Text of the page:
Depression Treatment: Is a Placebo as Good as a Pill?
Last updated:December 21, 2011
A small new study published in the Journal of Clinical Psychiatry asserts that people with depression do just as well when taking a placebo as when taking one of two common antidepressants or undergoing one type of talk therapy.
Researchers assigned 156 depression patients to three groups -- taking a placebo, taking setraline, or completing a regimen of supportive-expressive therapy -- for 16 weeks. Researchers found that 31 percent of those on real meds, 28 percent of those in therapy, and 24 percent of those taking placebos responded to treatment. Those numbers don't show a significant difference between any of the types of treatment.
According to the Chicago Tribune, Jacques P. Barber, the lead researcher, found the results surprising.
But even Barber isn't saying that it's worthless to treat depression.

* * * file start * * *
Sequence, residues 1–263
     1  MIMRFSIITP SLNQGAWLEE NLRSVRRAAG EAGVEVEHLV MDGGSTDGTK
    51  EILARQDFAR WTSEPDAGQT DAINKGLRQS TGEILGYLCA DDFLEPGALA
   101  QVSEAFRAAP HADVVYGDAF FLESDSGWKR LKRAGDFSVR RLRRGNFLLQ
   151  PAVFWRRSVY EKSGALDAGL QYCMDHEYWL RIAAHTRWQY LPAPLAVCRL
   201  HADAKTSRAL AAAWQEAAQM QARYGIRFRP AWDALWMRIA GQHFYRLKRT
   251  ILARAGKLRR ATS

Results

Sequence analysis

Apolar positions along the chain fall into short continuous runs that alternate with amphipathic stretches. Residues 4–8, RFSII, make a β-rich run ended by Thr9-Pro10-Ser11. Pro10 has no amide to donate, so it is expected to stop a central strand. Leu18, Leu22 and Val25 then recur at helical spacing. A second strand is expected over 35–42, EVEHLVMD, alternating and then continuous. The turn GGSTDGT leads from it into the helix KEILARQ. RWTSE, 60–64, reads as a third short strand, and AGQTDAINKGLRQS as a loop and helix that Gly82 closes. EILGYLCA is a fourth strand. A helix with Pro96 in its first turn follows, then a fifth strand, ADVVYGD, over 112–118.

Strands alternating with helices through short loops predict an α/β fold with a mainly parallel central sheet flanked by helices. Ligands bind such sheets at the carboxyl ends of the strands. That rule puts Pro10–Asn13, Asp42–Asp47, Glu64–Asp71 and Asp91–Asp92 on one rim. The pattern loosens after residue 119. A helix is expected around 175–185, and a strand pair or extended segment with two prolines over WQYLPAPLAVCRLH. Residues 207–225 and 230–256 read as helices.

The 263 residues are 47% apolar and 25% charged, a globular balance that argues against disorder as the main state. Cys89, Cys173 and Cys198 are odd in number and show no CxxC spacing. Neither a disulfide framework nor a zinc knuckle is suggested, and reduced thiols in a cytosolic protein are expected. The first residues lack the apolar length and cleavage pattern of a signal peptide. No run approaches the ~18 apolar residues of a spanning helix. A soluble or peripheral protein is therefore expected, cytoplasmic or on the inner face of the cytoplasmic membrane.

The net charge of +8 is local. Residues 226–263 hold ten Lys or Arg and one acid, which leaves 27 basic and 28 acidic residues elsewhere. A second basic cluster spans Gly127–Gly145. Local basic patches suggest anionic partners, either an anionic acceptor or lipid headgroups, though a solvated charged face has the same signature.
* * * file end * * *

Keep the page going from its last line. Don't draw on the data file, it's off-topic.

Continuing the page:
First, he noted that taking a placebo as part of a clinical study isn't exactly the same as not seeking treatment -- study participants still had nice doctors and nurses asking them questions about their well-being, which might be helpful in itself.
Also, the study tested only two drugs (some participants switched from sertraline to venlafaxine halfway through the study) and one particular form of talk therapy.
David Mischoulon, an associate professor of psychiatry at Harvard Medical School, agreed that you shouldn't see this as proof that "nothing works for depression."
"I think it's the opposite," he said. "It's more that, everything seems to work to some degree."